Pushing Farm Bill for Rural America

As Congress prepares to draft the 2018 Farm Bill, NRECA is recommending ways the legislation can help keep electric cooperatives strong and innovative in the service of their members.

Coweta-Fayette EMC’s Christopher Stevens urges the Senate Agriculture Committee to support vital co-op provisions in Farm Bill 2018. (Photo By: Meghan Cline/Senate Agriculture Committee)

Coweta-Fayette EMC’s Christopher Stephens urges the Senate Agriculture Committee to support vital co-op provisions in Farm Bill 2018. (Photo By: Meghan Cline/Senate Agriculture Committee)

"While our first priority is to deliver safe, reliable, clean, affordable electricity to our members, we have a calling to be more than just poles, wires and electrons companies," Christopher Stephens, president and CEO of Coweta-Fayette EMC, told the Senate Agriculture Committee Sept. 28.

"Our broader purpose is to provide the services and support that empower our communities to thrive."

Testifying on behalf of NRECA, Stephens outlined the biggest challenges for electric co-ops going forward—adapting to changes in consumer demand, accommodating an evolving generation mix, and protecting against cyber threats—and how the Farm Bill "contains essential tools co-ops use to modernize and meet those needs."

Chief among them is the Rural Utilities Service, which offers loans to help build, expand, and improve the infrastructure of co-ops and integrate smart grid technologies. The federal government may realize up to $300 million in net interest and fees from RUS loans, according to the president's 2017 budget request.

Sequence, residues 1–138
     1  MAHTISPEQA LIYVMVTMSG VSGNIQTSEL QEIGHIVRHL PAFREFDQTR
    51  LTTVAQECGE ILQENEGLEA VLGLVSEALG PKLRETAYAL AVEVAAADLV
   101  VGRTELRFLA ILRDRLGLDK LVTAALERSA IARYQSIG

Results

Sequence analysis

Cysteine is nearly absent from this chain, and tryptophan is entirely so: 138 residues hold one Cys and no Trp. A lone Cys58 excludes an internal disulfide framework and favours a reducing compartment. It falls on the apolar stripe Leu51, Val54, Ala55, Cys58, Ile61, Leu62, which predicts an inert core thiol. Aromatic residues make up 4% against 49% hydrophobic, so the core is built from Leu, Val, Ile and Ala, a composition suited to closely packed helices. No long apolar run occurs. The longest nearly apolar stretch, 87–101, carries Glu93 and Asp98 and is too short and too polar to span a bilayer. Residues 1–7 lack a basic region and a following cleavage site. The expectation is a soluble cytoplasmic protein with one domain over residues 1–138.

Sens. Heidi Heitkamp, D-N.D., and James Inhofe, R-Okla., led a bipartisan effort for robust RUS funding. "We thank you for your past support of RUS and ask that you please continue to provide that support," Stephens said.

Another crucial need is broadband. Electric co-ops are stepping in to serve where millions of rural Americans lack access to high-speed internet. NRECA urges continued authorization of significant funding for RUS loans and grants to incentivize rural broadband and smart grid technologies, Stephens said. 

Electric co-ops also want Congress to sustain the Rural Economic Development Loan and Grant (REDLG) Program, which was slated to be zeroed out in the administration's budget proposal this year. The program allows federal proceeds from RUS loans to help communities finance projects from hospital renovations to new firetrucks.

"We believe the REDL&G program is a valuable tool in offsetting population flight and job losses in rural Georgia and around the country. We urge the committee to work with us to ensure ample funding for REDLG throughout the next Farm Bill and beyond," Stephens said.

The Senate committee was also asked to support and streamline the guaranteed underwriter program and to back the Rural Energy for America Program and the Rural Energy Savings Program for innovation and energy efficiency.

"The health of our whole country is dependent on a healthy rural America," said Stephens. "We urge the committee to maintain a strong rural development title of the Farm Bill to reaffirm the importance of these programs."

NRECA sent a letter to the committee urging support of these key programs.